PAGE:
Monthly Archives: April 2012
Well, I hope you’ve finished your raised garden bed, because now its time to plant! And, conviently, this planting will require a bit of math, science, and forethought.
THE GENERAL IDEA: Planting in long rows with lots of space to hoe between is a great example of how farmers have grown crops for years. It is not, however, a great way to garden. Instead, plant your veggies in a more space-saving way. (*Side note: you will also use a fraction of the seeds in a packet with this method. Store in a cool, dray place and save the rest for next year!)
THE SCIENCE: Plants need a certian amount of space to grow. Their roots need to spread out, their leaves need to catch the sunshine, the fruit needs room to develope. But, if a plant needs six inches of space between it and its next neighbor in a garden row, it also only needs six inches of space all the way around. And since you don’t need to walk in your raised bed you won’t need to leave any rows which must later be hoed!
THE MATH: Divide your raised bed into square feet increments. You can do this a lot of ways; I used a small rope. Use something that will be around all season. Then, choose a plant for each square.
Find out how much space each plant requires. You can consult the back of the seed packet, the information pick in the seedlings, or search the web. Then do the math! If a plant needs 3 inches in a row it needs 9 square inches in a raised bed. How many square inches are in a foot? How many times will 9 go into that number? That is how many plants will fit into your square foot. Now on to the next plant! Do any plants take up a whole foot? Two? Which plant requires the most space? The least?
Now plant, water, and enjoy!
Gardening is great for teaching kids about farm life. Did you also know it’s also full of math concepts? Read all about the way I garden in this book: All New Square Foot Gardening. Not only is it an easy, enjoyable way to garden anywhere– even the balcony of an apartment, but it also involves lots of great math! And since it’s about time to get plants in the ground I think we’d better get started!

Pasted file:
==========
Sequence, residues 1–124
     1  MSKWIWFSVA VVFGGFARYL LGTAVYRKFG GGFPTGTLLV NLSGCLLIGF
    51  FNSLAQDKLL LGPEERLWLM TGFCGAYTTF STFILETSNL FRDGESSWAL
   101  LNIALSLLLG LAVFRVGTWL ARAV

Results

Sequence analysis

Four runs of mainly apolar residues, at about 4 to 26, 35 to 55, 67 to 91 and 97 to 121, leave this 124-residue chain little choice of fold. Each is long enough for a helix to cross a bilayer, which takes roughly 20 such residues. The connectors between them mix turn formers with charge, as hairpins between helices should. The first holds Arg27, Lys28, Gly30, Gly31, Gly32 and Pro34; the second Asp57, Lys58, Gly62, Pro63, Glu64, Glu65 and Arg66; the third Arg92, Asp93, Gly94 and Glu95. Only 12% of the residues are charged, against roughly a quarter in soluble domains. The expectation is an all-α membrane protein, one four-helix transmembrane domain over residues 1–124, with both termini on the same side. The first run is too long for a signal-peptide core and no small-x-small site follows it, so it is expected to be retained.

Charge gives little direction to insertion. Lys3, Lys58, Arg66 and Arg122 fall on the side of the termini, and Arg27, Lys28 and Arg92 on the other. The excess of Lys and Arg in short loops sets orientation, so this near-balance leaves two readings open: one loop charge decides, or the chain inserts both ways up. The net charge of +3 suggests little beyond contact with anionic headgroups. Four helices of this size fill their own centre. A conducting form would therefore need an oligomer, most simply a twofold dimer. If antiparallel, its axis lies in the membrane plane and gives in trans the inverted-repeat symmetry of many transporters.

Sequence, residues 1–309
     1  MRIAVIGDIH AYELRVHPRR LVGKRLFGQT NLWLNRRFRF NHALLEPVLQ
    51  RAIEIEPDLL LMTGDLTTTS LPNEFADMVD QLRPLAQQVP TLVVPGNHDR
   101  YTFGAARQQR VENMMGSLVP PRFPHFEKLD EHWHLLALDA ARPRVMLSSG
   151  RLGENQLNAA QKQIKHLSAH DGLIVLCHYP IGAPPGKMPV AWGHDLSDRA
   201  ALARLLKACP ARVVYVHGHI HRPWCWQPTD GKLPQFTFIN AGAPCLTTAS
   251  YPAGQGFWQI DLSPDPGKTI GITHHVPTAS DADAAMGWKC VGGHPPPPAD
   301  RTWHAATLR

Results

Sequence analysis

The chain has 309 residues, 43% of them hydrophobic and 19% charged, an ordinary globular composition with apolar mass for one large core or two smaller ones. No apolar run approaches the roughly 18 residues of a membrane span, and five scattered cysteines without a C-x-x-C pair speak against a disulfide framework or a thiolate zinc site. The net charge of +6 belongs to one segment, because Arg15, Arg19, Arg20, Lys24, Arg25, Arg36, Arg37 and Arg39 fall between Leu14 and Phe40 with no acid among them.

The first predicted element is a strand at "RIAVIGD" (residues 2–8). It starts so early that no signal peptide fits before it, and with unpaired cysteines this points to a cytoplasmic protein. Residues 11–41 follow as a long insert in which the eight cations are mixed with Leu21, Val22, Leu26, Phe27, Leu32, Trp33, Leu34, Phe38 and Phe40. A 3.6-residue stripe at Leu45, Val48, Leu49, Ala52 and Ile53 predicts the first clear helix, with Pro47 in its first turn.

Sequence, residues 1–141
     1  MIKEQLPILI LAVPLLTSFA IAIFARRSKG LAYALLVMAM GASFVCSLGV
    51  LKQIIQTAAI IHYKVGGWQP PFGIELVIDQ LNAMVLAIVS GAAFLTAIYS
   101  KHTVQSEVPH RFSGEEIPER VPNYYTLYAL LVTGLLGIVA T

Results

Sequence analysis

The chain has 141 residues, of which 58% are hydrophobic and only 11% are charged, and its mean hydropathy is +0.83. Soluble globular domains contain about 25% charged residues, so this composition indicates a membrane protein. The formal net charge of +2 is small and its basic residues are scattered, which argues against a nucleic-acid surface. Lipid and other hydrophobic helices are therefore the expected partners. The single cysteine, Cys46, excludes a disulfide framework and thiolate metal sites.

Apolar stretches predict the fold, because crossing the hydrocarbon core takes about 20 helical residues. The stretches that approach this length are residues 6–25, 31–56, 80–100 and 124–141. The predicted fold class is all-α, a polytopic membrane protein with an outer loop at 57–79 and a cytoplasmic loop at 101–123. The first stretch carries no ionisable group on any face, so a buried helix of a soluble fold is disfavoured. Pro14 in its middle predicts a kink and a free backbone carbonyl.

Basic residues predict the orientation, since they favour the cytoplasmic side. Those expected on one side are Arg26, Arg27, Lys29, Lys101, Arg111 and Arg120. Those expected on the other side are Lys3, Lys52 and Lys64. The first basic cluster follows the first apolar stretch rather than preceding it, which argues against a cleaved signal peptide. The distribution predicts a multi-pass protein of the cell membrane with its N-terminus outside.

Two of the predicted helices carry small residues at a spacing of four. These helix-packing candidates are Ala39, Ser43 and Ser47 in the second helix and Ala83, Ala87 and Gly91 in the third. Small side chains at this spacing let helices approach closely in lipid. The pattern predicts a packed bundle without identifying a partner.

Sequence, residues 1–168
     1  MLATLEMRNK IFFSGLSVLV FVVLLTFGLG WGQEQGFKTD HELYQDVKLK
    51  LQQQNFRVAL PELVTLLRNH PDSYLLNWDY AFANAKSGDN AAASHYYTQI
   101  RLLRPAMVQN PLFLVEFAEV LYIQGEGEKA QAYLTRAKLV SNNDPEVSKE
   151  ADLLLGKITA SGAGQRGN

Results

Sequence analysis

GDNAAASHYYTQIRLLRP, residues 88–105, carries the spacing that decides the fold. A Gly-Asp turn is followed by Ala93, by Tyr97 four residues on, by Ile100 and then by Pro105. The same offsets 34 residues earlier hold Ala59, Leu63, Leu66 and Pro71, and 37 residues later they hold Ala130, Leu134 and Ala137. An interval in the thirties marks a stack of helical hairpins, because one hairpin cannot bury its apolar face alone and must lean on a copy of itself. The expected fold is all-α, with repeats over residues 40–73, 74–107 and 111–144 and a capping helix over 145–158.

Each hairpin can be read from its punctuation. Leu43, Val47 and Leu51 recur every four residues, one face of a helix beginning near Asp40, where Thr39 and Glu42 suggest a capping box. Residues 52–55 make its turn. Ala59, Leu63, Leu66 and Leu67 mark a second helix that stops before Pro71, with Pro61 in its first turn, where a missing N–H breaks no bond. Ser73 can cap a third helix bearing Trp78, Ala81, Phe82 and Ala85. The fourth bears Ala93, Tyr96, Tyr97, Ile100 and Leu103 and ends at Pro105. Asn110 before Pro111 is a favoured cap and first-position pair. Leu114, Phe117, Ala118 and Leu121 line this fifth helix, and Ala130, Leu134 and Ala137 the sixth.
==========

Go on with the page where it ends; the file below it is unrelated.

To begin we’ll need to make the raised garden beds which are the biases for a Square Foot Garden (that’s SFG). Some of these steps can be done by young children, some by teens, and a few by a grown-up. Before you are ready to hack at boards with a saw, however, you must have a plan!
How big will your bed be? Did you know the average person can reach in about 2 feet? Kids can reach in about 1 1/2 feet. Where will you put your bed? Can you walk all the way around? If it is against a wall of fence how wide should it be? If you can reach in from both sides how big should it be? How long do you want it? Try using graph paper to design your bed. (Create your own graph paper by printing a table made in word processing program.)
Then, measure! You can have the lumber yard or home improvement store cut your boards for you, but kids will love using a simple tape measure. I used the plans from the book above to make new beds this year, but my original garden beds came from these instructions: Sunset Perfect Raised Beds. The ones shown on Sunset are big, sturdy, and will last a lifetime. The ones I’ll show you are cheaper and easier!
Second, measure, pre-drill holes and use deck screws to add posts to the ends of two boards. Kids can help line up the boards like you see on the bottom of this picture so the finished product looks like the boards on top!
Next, line up your two boards with posts with two more boards. Screw the new boards to the posts while kids help you hold it all in place.
To use this SFG on a deck or apartment balcony add plywood to the bottom. Fill your finished bed with equal parts compost, peat moss, and top soil. Check out next week’s lesson for more math as you plant your garden!
Not all dirt is created equal. Soil contains sand, clay, air, and organic matter. The amounts of each of these, however, is different in all kinds of dirt. Great dirt has lots of air and organic matter; poor soil is full of sand or clay. Most dirt is somewhere in the middle.
It is possible to tell a lot from the appearance of the dirt. The closer to black your dirt is the more likely it is to be rich, nutritious soil!
For this soil lesson try investigating the dirt where you live. Using a small trowel, dig a bit of dirt from your yard. Get it from under a decorative stone or piece of furniture to avoid making holes in the lawn. Place the sample in a plastic baggie. Then look for other places to take a soil sample. Ask a friend or neighbor, visit a park, maybe even call a family member in another state and ask them to mail you a baggie of dirt!
When you have several samples compare and contrast your soils. Squeeze a pinch between your fingers. Does it stick together? Sticky soil is full of clay. Does is fall apart? Maybe it has a lot of sand. What colors do you see? Is it light, fluffy dirt like potting soil, or hard as a brick? Make some notes in your science journal or create a diagram to show the results.
And here’s an interesting soil idea. Instead of collecting refrigerator magnets or post cards on your travels, pick up a bit of soil from your next vacation site!